An interesting phase of the background of this incident is the fact that Dr. Frederick W. Bancroft F.A.C.S. played a similar role, more than a decade prior in the capture of the Fifth Avenue Hospital from the homeopaths. He was ousted from his office on the premises of the hospital and from the position of surgical director and boss when the homeopaths re-seized the pirated hospital with the aid of the Wendel bequest.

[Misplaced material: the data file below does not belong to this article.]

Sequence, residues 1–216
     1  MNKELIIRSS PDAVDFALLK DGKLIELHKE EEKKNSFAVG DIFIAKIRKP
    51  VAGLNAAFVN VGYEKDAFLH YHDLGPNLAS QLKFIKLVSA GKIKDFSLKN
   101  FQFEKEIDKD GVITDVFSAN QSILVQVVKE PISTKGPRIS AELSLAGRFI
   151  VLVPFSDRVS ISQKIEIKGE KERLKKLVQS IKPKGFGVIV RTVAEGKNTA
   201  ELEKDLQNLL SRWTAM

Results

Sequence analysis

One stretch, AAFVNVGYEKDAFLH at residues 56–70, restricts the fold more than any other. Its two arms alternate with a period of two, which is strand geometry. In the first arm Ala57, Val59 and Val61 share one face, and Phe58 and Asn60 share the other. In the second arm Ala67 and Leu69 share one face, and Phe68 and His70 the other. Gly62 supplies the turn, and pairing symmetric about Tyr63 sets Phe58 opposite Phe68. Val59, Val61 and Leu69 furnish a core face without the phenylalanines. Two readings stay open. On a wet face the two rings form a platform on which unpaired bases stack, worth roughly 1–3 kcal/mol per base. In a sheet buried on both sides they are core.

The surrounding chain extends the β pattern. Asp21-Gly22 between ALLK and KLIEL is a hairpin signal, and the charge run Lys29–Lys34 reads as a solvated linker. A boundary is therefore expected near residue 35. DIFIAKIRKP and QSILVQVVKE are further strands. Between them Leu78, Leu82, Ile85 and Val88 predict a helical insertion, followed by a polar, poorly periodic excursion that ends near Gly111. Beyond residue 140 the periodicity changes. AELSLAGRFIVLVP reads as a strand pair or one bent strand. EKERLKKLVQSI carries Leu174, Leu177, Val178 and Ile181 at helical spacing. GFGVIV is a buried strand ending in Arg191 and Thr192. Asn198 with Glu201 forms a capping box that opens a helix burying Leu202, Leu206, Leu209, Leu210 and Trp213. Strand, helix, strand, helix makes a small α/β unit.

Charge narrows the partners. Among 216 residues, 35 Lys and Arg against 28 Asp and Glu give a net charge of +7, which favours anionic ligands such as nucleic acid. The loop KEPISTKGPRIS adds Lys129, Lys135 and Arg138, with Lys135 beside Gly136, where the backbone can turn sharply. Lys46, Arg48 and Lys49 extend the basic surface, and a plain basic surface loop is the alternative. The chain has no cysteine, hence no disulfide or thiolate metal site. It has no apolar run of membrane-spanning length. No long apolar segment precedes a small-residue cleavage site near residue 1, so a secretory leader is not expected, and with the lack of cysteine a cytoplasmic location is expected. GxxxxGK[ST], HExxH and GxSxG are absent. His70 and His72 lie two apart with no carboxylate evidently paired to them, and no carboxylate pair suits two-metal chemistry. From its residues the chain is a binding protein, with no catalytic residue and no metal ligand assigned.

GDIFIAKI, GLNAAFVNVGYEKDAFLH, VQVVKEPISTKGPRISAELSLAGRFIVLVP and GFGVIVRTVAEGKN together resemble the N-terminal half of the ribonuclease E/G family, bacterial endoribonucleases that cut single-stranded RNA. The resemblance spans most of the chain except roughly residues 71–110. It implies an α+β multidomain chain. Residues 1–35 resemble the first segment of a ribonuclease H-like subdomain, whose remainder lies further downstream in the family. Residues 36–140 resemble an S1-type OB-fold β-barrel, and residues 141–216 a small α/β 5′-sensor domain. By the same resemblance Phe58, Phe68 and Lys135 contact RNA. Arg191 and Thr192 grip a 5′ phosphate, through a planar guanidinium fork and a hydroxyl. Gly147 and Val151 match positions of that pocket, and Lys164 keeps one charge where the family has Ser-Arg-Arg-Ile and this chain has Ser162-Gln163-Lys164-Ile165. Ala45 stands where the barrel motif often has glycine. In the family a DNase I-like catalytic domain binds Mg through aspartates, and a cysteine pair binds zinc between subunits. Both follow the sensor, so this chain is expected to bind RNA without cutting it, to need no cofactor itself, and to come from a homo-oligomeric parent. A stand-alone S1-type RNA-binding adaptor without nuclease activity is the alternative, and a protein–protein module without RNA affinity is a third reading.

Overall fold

One of the most malodorous hospital scandals that has come out into the open in recent years, that illustrates the bitterness of commercial rivalry which the lofty pretensions of the American College of Surgeons mask, is the affair of the Sydenham Hospital of New York City. The hospital had been founded by some of the lesser rank medical politicians in conjunction with a group of business men. The doctors on the staff paid for their hospital jobs in proportion to their ranks by contributions and by the purchase of dinner and benefit tickets and their sale to friends, and by soliciting donations and bequests. In return they split among themselves the business lured by the hospital, each man fighting for himself under rules which barred no hold. Though some of the hospital surgeons were F.A.C.S. and the hospital was "approved," they were either sufficiently honest to pay for services rendered them by colleagues, i.e. to "split fees," or were compelled to do so by competition.